Tag archives: neutrons
By Michael Banks
For physicists who love scattering neutrons off materials, the recent ground-breaking ceremony at the European Spallation Source (ESS) in Lund, Sweden, will have been a long time coming. First proposed more than two decades ago, the ESS will – when it finally opens in 2020 – generate the world’s most intense beams of neutrons and help satisfy demand for these most useful of particles.
Neutron scattering has emerged as a mainstream scientific endeavour over the last 20–30 years, which is one reason why this month sees the first-ever Physics World focus issue on neutron science. We take a look at how researchers at the ESS are designing the facility’s tungsten target, as well as a new neutron source being built in China and how the ISIS Neutron and Muon Source in the UK is looking to bring in more users from industry.
By Hamish Johnston
Three months ago we ran a news article about a “quantum Cheshire cat” experiment that was proposed by Yakir Aharonov of Tel Aviv University and colleagues. Now, an international team of physicists has created a quantum Cheshire cat using polarized neutrons at the Institut Laue-Langevin (ILL) in Grenoble, France.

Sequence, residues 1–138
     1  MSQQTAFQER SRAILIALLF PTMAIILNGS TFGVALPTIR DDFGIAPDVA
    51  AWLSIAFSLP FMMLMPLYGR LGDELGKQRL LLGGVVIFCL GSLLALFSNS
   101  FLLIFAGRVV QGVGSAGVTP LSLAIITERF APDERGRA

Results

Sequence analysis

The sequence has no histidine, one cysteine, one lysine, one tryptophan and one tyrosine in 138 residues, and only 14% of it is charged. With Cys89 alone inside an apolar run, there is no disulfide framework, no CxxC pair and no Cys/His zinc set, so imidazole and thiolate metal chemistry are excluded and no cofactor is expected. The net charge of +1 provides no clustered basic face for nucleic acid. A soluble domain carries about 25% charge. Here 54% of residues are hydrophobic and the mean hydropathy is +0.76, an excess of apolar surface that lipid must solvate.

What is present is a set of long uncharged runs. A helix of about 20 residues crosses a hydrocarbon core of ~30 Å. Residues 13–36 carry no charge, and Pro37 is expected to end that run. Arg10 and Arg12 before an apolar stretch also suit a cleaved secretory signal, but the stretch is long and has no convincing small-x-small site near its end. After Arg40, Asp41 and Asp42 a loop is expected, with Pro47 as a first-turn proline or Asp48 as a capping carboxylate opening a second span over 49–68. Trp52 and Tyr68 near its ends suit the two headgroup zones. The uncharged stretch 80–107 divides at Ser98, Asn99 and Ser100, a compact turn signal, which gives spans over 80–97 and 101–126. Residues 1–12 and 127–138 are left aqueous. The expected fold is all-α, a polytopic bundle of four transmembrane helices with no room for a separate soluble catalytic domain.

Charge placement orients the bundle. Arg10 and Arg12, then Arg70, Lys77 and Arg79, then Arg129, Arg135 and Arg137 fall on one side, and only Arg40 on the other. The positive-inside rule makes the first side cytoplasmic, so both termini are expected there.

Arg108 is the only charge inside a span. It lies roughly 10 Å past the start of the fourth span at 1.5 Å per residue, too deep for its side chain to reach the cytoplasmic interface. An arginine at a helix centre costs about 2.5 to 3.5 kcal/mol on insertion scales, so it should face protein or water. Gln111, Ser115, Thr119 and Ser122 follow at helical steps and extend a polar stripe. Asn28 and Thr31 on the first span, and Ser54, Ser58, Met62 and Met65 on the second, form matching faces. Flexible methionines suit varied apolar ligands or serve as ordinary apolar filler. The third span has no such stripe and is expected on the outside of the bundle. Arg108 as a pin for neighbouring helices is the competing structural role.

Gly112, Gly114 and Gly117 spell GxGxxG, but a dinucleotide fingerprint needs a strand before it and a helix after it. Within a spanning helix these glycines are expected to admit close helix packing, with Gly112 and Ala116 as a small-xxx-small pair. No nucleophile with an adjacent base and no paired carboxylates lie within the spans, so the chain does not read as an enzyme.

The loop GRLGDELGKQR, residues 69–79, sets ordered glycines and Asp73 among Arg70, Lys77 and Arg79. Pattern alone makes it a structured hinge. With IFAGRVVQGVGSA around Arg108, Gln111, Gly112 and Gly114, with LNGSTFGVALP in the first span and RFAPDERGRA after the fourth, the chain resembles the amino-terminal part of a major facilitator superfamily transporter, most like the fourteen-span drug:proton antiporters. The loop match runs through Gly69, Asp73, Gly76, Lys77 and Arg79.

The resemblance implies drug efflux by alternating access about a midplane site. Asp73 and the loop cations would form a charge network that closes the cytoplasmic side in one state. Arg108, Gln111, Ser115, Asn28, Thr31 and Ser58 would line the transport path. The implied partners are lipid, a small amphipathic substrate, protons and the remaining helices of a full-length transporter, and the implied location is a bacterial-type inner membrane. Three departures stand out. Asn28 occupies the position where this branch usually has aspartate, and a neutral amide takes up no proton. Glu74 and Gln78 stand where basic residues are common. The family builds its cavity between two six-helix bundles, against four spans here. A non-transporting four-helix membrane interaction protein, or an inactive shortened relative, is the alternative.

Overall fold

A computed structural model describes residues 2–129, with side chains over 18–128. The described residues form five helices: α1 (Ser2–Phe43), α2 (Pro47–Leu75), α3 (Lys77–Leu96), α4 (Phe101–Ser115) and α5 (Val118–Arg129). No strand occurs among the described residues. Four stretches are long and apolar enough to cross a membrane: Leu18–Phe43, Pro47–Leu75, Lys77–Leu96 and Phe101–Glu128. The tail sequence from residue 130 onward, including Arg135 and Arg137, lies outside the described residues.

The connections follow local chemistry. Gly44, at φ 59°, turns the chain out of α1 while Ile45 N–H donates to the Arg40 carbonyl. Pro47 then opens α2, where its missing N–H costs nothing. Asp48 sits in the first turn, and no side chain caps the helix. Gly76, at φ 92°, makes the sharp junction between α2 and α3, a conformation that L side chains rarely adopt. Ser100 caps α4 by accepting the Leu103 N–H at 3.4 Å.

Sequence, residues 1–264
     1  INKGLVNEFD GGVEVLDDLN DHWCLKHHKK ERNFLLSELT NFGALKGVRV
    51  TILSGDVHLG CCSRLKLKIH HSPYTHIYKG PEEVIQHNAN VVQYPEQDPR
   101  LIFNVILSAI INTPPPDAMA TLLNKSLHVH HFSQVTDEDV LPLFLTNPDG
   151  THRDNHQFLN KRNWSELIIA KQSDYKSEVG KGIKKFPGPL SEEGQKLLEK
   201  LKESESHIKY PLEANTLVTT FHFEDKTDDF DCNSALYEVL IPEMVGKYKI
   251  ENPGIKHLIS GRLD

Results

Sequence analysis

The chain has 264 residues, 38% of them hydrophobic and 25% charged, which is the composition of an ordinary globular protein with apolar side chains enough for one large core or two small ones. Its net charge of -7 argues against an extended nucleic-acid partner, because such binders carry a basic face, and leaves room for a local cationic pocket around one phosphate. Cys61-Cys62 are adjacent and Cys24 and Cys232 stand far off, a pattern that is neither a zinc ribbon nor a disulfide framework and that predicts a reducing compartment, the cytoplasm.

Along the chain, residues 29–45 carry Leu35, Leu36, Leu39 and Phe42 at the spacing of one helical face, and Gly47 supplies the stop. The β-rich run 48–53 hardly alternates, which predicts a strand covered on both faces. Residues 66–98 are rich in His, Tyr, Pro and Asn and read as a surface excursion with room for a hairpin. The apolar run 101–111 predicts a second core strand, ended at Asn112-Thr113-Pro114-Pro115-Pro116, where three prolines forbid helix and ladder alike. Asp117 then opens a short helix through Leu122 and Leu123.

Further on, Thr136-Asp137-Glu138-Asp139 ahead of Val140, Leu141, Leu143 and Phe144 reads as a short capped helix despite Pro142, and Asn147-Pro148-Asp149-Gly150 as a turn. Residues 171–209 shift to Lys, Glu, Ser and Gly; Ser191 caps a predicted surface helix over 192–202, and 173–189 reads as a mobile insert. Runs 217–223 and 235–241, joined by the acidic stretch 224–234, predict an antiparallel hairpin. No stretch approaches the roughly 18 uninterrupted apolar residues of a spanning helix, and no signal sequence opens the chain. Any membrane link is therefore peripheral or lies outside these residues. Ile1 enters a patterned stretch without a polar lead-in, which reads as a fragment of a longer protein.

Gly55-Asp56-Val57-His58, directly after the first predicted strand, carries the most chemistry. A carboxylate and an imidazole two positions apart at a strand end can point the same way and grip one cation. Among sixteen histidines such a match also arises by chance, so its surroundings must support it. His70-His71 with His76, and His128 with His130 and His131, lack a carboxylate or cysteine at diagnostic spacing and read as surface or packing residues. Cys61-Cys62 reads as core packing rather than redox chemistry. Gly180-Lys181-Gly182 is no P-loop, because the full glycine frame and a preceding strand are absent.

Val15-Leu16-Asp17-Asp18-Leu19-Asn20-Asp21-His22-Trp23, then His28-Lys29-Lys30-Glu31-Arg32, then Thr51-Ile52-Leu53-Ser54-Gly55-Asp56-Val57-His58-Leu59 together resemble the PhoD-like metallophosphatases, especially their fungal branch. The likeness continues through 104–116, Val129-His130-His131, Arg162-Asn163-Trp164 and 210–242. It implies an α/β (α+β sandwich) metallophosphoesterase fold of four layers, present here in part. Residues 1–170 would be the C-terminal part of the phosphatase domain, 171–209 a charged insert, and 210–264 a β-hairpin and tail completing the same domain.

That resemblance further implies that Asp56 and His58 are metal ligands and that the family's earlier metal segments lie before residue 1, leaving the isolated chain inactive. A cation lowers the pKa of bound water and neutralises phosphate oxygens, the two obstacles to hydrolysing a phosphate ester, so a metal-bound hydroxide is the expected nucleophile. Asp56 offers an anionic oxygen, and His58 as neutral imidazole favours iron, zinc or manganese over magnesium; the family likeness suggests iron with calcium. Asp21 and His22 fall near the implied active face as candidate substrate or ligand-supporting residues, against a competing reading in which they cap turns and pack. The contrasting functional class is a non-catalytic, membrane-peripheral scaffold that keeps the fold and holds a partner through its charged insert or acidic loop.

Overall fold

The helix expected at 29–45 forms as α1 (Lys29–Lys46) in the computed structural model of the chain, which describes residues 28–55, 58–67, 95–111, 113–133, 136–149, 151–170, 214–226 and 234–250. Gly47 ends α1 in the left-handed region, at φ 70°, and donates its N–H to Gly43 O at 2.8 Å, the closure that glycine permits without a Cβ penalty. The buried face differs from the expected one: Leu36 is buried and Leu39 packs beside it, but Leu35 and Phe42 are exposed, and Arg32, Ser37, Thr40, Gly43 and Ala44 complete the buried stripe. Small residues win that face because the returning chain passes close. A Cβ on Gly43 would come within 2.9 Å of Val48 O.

The work was done by Yuji Hasegawa and colleagues at the Vienna University of Technology, ILL, the University of Cergy-Pontoise and Chapman University.
By Hamish Johnston
Despite the tough economic conditions in much of Europe, scientists who use one of the continent’s leading scientific facilities have something to smile about. The UK, France and Germany have agreed to continue funding the Institut Laue-Langevin (ILL) neutron facility for at least another decade.
By James Dacey
This photo looks a little bit like we were filming the moment that I got down on my knee and popped the big question to Andrew Harrison, the Director General of the Institut Laue-Langevin (ILL). While that would certainly make for an intriguing story worthy of a blog entry, the truth is that earlier this week we were interviewing Harrison for a short film about his international research facility. In case you are still wondering, the reason I am kneeling is so that we could frame our shot to include the dome that houses the ILL’s nuclear reactor, where neutrons are generated.